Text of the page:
In an issue of the Journal of Marriage and Family, Judith Stacey, a professor of sociology at New York University, and Timothy Biblarz, a demographer from the University of Southern California, consolidated the available data on the role of gender in child rearing and concluded “based strictly on the published science, one could argue that two women parent better on average than a woman and a man, or at least than a woman and man with a traditional division of family labor.”
Finally, scientific proof of what “new” women have maintained from the time of England’s Victorian socialists!
In You Never Can Tell (1899) George Bernard Shaw weighs in on the subject, in his own contrarian way.
Shaw’s own mother taught young Sonny the worthlessness of a father. “She believed, and persuaded her son to believe, that ‘everybody had disappointed her, or betrayed her, or tyrannized over her.’ From this time onwards Sonny began to see his father through his mother’s eyes, as a man to imitate, but in reverse…. In her eyes he was an inferior little male animal tainted with all the potential weaknesses of her husband.” *
Lucinda Elizabeth Shaw was a clear practitioner of what has come to be known as “parental alienation”, a syndrome in which a child is influenced by one parent to reject the other parent. For example, a mother may tell the child that the father doesn’t want to visit, when in reality the father is working. Or, a mother may say that the father doesn’t really love the child, or want to support the child, or say other negative things about the father that may harm the father-child relationship. In severe cases, the negative influence results in the child refusing to see or speak with the father.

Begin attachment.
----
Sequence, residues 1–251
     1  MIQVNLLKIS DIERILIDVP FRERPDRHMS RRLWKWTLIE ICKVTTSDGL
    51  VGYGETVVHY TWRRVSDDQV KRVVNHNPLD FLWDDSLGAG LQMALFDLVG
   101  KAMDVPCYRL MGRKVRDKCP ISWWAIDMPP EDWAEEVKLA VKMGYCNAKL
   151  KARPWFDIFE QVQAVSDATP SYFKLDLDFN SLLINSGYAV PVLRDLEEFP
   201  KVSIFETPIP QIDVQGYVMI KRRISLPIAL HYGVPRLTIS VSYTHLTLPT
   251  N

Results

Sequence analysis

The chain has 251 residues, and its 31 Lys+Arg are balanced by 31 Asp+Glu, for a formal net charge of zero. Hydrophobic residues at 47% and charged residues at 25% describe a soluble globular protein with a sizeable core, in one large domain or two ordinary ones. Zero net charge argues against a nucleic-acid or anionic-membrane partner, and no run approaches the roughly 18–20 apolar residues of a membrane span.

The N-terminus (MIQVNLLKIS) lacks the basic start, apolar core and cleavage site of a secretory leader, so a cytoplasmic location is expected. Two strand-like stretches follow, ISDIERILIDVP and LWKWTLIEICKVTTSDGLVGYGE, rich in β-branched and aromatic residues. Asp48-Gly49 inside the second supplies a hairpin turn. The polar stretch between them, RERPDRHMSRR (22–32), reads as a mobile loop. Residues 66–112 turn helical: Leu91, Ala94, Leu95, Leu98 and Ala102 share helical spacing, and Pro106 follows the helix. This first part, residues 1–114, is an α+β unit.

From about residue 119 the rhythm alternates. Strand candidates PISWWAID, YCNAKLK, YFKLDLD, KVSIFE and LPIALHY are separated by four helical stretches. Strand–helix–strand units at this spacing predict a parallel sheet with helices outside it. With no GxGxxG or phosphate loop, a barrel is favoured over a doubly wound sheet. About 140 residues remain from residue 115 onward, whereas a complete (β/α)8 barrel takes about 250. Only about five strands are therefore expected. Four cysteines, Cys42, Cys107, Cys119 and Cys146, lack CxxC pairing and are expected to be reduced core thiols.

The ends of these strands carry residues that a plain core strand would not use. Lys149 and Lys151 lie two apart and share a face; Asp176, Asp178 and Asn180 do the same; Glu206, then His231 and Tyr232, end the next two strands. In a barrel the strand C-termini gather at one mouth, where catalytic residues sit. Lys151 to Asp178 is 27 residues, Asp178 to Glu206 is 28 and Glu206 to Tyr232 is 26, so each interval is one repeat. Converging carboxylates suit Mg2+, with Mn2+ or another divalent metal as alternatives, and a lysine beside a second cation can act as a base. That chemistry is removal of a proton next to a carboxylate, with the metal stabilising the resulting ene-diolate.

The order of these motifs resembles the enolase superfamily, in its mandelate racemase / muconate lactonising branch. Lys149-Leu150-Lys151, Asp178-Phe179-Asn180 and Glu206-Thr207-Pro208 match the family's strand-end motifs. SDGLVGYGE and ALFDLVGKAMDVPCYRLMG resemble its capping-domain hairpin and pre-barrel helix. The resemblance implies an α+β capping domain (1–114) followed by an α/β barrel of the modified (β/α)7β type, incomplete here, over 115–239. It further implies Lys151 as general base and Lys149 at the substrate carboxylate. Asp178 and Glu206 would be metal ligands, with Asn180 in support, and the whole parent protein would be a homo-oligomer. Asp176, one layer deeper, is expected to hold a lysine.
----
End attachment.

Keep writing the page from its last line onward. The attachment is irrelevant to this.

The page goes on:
The mother’s actions, whether verbal or non-verbal, cause a child to be psychologically manipulated or bullied into believing a loving father is the cause of all their problems, and/or the enemy, to be feared, hated, disrespected and/or avoided.
Shaw introduces his first alienating mother in You Never Can Tell. Like his own mother, Bessie Shaw, Mrs. Clandon is estranged from her husband and has three children, two girls and a boy. (Throughout his career Shaw would depict children kept from a father, like the Reverend Samuel Gardner in Mrs. Warren’s Profession and Andrew Undershaft in Major Barbara, and insist that even mature children receive a father figure guardian to replace a deceased father, as in Man and Superman.)
Mrs. Clandon is a Victorian cross between Martha Stewart and Betty Friedan, a self-righteous, liberated and unconventional author of a series of what-to-think-about-just-about-everything books. For some reason she had married a man of the most traditional values and manners, Fergus Crampton. When she saw the problems arising when their values and ideas collided, she packed up her young children, changed her surname, and moved to Madeira, Spain, where she has raised the children according to her own “modern’ ideas, and consequently to hold ideas and manners antithetical to those of their father.